Books Read in 2020: 18
Pages Read in 2020: 4559
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Filed under Reason: I Like the Author, Reason: LitHub Bingo, Thriller

Much Ado About Mean Girls by Ian Doescher

Imagine the entire Mean Girls movie written out like a Shakespeare play complete with the language and rhythms you would expect from William Shakespeare. That’s Much Ado About Mean Girls. It’s utterly fabulous. It’s so funny and reads very quickly. I highly recommend it to anyone who likes Shakespeare and enjoyed Mean Girls.

5 (out of 5) Stars

Books Read in 2020: 16
Pages Read in 2020: 4155
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Filed under Play, Realistic Fiction, Reason: LitHub Bingo, Reason: Vine Review

Pasta, Pinot & Murder by Jamie Lee Scott

There are a lot of spelling errors in Pasta, Pinot & Murder. The author went out of her way to include red herrings. So much out of her way that they were rather obvious. The resolution kind of came out of left field like she really, really wanted the murderer to not be obvious. The writing is decent enough. I don’t particularly recommend reading it, though. There are plenty of much better cozy mysteries out there waiting to be read.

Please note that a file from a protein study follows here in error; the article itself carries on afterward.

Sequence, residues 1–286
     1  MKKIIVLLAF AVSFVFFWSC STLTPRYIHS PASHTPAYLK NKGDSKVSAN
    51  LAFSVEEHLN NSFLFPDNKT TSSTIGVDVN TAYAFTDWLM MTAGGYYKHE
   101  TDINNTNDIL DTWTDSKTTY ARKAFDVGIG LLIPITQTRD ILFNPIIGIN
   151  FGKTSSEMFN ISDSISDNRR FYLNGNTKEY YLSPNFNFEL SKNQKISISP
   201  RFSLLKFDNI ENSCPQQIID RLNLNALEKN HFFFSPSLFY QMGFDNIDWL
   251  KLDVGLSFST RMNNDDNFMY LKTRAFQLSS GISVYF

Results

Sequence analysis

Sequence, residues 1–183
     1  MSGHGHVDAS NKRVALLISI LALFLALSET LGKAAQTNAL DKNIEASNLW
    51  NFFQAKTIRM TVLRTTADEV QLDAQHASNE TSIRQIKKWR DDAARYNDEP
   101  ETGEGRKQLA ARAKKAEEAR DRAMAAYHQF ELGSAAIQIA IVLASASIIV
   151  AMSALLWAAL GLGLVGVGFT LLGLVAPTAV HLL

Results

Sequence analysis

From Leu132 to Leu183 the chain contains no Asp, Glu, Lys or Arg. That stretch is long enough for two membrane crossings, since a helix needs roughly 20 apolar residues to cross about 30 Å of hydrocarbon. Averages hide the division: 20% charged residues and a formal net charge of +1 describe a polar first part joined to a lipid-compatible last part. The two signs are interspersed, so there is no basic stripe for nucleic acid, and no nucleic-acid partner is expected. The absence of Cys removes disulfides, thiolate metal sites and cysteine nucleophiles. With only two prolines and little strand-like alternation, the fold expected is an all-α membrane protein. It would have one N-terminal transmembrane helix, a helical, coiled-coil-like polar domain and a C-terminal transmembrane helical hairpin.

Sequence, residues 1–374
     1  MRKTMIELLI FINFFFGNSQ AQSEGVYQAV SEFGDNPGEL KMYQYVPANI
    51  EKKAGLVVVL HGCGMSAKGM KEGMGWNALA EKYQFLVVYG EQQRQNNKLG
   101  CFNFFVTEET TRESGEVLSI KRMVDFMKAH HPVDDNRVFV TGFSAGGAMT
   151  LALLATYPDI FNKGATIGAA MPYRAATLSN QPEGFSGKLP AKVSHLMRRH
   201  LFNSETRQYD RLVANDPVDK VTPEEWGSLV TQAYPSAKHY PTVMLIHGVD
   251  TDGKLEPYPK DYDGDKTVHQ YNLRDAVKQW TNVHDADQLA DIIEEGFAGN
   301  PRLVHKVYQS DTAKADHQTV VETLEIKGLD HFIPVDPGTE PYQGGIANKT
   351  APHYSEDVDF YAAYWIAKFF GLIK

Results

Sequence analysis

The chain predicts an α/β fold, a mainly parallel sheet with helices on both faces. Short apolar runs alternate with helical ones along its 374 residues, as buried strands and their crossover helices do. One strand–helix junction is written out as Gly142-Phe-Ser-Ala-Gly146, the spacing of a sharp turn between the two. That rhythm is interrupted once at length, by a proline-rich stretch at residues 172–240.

2 (out of 5) Stars

Books Read in 2020: 15
Pages Read in 2020: 3991
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Filed under Cozy Mystery, Reason: LitHub Bingo

Momentous Events in the Life of a Cactus by Dusti Bowling

Aven was born without arms and so she refers to herself as a cactus. Momentous Events in the Life of a Cactus finds her at the beginning of high school where absolutely nothing seems to be going her way, some things her fault, some things not. She has to learn to trust herself and others and what family really means. For about the first half to two-thirds of the book I just couldn’t bring myself to care about Aven or any of the other characters. I found most of them insufferable. They were mostly just stereotypes. Aven was especially annoying and it’s never a good thing to be really annoyed by the narrator. The last few chapters were a lot better. Still a lot of stereotypes and caricatures, but better. Overall this was just a meh book. I’d only bother to read it if you loved the first book (which I did not read).

3 (out of 5) Stars

Books Read in 2020: 12
Pages Read in 2020: 3449
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Filed under Realistic Fiction, Reason: LitHub Bingo, Reason: Vine Review